When you first boot up Katana Zero, the new offering from studio Askiisoft, you immediately are struck by the retro feel of the graphics. The neon blues and pinks splashed across the screen hearken back to the ’80s and brings to mind the Nintendo Entertainment System. The music and themes are very retro-inspired, as well. The game feels like a half Hotline Miami, half Ninja Gaiden hybrid.
The side-scroller puts the player in the role of an assassin who uses a drug called Chronos to manipulate time and predict the immediate future, allowing players to plan out their attacks on each level. The premise is simple: use Chronos and your katana to slash and slide your way through multiple levels of enemies. The control scheme is simple, hack and slash fare for the most part, until you start to “slide” through lasers and smash through doors while dispatching enemies with relative ease. You almost feel immortal, until you get hit. One hit and you’re done in this unforgiving quest for vengeance. But that’s not all. You don’t die, per se, you “rewind”, a side effect of your ability to predict the future. As you slice your way through the game, the action sequences are interspersed with cutscenes that move the story along, featuring innovative in-game conversation that can be interrupted by the player with a click. When you successfully complete a level, you get to re-watch your victory in security camera footage-style, which is quite a thrill when you’ve had to work hard to get through a level.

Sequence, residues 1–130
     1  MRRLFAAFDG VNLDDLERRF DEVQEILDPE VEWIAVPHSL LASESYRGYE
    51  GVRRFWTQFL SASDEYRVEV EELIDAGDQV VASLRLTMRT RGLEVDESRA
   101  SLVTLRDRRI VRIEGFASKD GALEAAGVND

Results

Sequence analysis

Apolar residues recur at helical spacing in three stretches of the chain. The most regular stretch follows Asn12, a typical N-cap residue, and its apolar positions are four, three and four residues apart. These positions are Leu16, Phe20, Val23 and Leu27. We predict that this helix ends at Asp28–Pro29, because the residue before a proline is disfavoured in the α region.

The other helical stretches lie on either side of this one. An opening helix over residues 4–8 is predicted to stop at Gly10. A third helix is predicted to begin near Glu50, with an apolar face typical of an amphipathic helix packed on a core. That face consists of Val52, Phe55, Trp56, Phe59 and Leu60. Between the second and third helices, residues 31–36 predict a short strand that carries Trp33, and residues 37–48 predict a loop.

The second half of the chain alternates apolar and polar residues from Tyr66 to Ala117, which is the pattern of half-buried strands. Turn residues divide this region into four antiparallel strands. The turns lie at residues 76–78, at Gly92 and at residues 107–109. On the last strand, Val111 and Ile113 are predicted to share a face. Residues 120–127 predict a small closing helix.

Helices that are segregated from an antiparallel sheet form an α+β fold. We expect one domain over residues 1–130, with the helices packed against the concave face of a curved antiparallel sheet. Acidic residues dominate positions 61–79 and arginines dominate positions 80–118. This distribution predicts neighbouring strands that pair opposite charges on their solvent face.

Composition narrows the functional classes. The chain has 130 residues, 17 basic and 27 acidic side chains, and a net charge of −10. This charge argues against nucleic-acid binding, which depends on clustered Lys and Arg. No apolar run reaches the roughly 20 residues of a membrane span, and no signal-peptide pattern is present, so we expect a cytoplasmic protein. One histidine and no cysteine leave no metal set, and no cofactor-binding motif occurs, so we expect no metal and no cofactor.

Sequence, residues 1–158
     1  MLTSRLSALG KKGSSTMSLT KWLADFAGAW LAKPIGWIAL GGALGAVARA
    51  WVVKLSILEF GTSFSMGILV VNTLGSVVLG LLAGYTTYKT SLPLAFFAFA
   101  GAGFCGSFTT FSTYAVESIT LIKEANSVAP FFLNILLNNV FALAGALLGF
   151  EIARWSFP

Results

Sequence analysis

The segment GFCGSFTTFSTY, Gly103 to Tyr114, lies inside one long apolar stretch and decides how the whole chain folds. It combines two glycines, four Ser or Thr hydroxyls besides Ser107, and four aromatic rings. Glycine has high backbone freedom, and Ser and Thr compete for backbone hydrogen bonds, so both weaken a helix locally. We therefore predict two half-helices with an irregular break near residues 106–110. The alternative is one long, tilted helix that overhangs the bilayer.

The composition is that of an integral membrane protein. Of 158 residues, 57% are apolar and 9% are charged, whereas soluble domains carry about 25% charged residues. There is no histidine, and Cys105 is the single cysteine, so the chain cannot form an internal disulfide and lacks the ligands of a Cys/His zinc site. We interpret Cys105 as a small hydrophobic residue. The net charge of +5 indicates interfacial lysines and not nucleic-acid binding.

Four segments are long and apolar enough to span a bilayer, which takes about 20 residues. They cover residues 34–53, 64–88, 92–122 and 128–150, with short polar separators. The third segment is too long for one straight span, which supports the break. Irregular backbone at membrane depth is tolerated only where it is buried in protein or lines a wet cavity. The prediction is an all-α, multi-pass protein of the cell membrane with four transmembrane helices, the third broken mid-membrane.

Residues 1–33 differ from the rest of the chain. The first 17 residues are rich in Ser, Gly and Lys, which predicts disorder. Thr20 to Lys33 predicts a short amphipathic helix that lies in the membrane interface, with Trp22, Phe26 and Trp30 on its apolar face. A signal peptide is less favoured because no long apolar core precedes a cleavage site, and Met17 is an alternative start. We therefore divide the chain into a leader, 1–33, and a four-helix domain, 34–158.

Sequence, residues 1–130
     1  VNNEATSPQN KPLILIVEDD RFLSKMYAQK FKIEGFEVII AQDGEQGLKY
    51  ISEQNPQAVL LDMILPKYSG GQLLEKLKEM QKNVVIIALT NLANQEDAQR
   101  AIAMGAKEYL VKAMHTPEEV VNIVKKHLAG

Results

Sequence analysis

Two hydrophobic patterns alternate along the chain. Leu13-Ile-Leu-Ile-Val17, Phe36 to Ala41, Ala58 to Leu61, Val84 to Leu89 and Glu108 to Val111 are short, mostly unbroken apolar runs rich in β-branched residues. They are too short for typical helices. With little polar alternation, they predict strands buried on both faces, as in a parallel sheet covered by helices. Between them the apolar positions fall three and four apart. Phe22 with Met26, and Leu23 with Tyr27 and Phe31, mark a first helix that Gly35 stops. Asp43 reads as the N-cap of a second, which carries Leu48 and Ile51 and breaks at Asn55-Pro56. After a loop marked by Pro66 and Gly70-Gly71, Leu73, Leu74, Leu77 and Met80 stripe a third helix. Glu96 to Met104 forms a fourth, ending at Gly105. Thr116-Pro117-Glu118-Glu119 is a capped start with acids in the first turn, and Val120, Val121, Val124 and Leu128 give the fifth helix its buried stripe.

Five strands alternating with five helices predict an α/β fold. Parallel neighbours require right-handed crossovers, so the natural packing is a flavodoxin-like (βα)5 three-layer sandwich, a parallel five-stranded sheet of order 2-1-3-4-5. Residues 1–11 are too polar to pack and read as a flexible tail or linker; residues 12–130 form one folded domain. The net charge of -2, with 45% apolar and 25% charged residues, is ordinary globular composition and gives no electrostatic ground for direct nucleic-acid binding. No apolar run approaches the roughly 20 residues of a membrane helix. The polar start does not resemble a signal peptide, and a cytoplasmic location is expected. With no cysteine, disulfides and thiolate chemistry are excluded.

While the play style is one shot, one kill you can evade dispatch in several ways. You can roll out of the way. You can slow time and make your move. You can even use your titular katana to swat bullets away. The control scheme is easy to learn, but difficult to master. Timing is everything in this game, and one wrong move will end up with the dreaded “No, that won’t work” screen as the security-camera style rewind of your actions brings you back to the start of the level.
It’s not all sunshine and rainbows, though, as the controls do feel slightly “soft,” in that they have what I’ve noticed a lot of Nintendo-based games have: a little more “give” than games on other consoles. At times, it feels like the character is still moving forward when you’ve stopped pushing the thumbstick on your Joy-Con. It takes a little getting used to, to be sure. The story is quite sparse as well, though that hardly matters–this isn’t a game dependent on what drives your nameless main character.
Its shortcomings are not enough to make the game unplayable, however, as Katana Zero is easily the best game released for the Switch since Super Smash Brothers Ultimate. Blending cool, retro-graphics, evocative gameplay and a stylish soundtrack, Katana Zero is a must-play game for fans of classic Nintendo side-scrollers. Katana Zero released April 18, 2019, for Nintendo Switch and PC. This review was written based on the Nintendo Switch offering of the game.